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  • Disability insurance help needed

    I would appreciate an advice please.

    I'm a cardiology fellow and I was notified that disability insurance premium will be increasing soon by 25%-30% as MetLife won't be available anymore.

    I am still going for interventional cardiology so i've few more years in training with a fellow salary.

    - Is it true that it will be more expensive to get a disability insurance in the next few months, and it's better to get it now?

    - Dos it make any difference if I'm a cardiology fellow vs. interventional cardiology fellow in term of premium?

    Thank you

     

  • #2
    It does make a difference with some carriers but not all of them based on cardiology vs. international.  Met has certainly been good to a number of sub-medical specialties but not all of them.  With Met rates depending upon what you want you can certainly still get a great deal being with Met or another carrier.  In this forum there are several qualified reps to help you out, all of which all will do you a fantastic job of representation.  Let us know if we can help.
    Scott Nelson-Archer, CLU, ChFC
    303-953-0263 Direct / [email protected]

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    • #3
      MetLife works extremely well for male, medical cardiologists as their policy places your medical specialty in their top occupation class, has no limitation for claims related to mental/nervous and/or substance abuse disorders and when the GIO Rider (future increase option) is exercised the rate book, contractual provisions and all discounts associated with the policy remain intact.

      For those that are already Interventional Cardiology Fellows, depending upon your state of residence, Berkshire has a new policy series (ProVider Choice) that has very clear and concise wording in terms of the definition of total disability which states that "If Your Occupation is limited to a Medical Doctor or Doctor of Osteopathy and more than 50% of Income is earned from Hands-On Patient Care, We will consider You to be Totally Disabled even if You are Gainfully Employed in Your practice or another occupation so long as, solely due to Injury or Sickness, You are not able to provide Hands-on Patient Care.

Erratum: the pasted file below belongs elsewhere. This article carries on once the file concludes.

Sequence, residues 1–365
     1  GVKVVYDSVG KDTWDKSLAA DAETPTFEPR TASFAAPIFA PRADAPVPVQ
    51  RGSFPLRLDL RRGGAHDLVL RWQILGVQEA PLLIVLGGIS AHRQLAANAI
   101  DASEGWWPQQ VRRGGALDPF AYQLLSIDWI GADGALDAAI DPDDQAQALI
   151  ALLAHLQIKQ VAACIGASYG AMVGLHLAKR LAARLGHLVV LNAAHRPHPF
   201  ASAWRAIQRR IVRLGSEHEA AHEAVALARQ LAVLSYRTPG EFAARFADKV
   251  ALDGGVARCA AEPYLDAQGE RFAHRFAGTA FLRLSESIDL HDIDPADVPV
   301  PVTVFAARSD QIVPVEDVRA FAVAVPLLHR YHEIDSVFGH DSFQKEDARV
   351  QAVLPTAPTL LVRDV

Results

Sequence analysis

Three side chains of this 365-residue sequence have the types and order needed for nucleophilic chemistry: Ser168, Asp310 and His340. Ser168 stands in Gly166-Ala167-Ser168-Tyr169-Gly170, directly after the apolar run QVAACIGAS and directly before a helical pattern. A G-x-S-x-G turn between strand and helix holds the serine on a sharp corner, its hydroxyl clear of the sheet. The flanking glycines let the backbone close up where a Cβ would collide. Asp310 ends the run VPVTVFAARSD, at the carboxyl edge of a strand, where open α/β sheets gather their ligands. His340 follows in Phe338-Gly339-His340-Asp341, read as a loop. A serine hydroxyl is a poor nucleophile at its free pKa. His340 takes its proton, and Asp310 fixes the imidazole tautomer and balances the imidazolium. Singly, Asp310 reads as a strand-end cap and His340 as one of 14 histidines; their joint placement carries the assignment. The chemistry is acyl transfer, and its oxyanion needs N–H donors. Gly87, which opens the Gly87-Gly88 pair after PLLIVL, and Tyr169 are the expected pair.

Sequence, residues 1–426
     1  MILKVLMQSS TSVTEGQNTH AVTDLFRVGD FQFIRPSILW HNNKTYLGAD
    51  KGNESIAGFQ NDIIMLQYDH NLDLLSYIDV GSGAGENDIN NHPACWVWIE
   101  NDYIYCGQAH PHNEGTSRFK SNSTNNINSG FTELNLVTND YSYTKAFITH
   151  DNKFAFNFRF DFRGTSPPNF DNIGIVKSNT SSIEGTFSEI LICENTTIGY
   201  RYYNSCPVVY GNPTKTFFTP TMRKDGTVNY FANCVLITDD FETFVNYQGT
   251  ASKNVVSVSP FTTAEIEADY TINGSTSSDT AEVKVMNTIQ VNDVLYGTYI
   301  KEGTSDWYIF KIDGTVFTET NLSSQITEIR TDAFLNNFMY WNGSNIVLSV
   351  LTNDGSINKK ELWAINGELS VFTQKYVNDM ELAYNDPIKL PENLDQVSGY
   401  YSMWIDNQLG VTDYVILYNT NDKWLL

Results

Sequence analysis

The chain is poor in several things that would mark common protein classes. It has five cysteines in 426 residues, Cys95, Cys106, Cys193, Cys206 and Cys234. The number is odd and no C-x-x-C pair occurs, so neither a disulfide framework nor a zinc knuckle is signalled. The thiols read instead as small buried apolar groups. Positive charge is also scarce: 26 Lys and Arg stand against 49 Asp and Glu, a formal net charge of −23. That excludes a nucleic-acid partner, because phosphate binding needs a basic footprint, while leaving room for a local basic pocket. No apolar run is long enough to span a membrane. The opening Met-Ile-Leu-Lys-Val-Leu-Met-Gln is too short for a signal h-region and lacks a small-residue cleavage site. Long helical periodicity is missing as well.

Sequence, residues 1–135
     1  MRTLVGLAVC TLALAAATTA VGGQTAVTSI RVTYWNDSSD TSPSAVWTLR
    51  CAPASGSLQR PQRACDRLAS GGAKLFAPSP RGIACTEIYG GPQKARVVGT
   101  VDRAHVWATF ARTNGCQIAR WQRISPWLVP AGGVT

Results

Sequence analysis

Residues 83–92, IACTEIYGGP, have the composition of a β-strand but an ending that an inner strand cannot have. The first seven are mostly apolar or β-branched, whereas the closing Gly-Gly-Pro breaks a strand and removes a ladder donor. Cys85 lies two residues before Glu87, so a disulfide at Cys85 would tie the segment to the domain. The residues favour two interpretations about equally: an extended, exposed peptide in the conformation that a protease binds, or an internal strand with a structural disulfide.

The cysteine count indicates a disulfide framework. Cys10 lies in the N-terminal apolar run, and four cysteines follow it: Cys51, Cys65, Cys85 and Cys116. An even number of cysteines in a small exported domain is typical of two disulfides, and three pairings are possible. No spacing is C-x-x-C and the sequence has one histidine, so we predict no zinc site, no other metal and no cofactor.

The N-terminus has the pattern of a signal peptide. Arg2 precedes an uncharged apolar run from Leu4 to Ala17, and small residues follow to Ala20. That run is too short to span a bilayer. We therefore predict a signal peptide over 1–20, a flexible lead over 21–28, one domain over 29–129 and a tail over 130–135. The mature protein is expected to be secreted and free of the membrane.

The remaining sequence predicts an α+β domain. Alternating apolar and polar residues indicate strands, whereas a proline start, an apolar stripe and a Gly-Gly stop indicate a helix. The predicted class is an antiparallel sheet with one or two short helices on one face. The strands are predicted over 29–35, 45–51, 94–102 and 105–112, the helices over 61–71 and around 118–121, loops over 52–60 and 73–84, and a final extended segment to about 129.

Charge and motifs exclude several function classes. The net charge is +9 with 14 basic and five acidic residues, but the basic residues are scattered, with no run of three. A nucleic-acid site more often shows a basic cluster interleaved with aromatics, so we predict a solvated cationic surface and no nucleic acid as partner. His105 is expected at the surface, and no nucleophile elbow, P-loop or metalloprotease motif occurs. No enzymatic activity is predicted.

OR

      If Your Occupation is limited to a Medical Doctor or Doctor of Osteopathy and more than 50% of Income is earned from performing Surgical Procedures, We will consider You to be Totally Disabled even if You are Gainfully Employed in Your practice or another occupation so long as, solely due to Injury or Sickness, You are not able to perform Surgical Procedures.

      While for some medical specialties this will not have a major impact, for those that are doing a combination of both medical and surgical duties, this is extremely favorable. An Interventional Cardiologist that is doing both the duties of a Medical Cardiologist and Interventional Cardiologist at the time of claim (fellowship trained and doing both) would be a great example. If their income from procedures was in excess of 50% they could continue to practice as a Medical Cardiologist in the SAME PRACTICE and still be considered totally disabled and continue to collect full disability insurance benefits!

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      • #4
        Thanks a lot for the useful information

        I appreciate it

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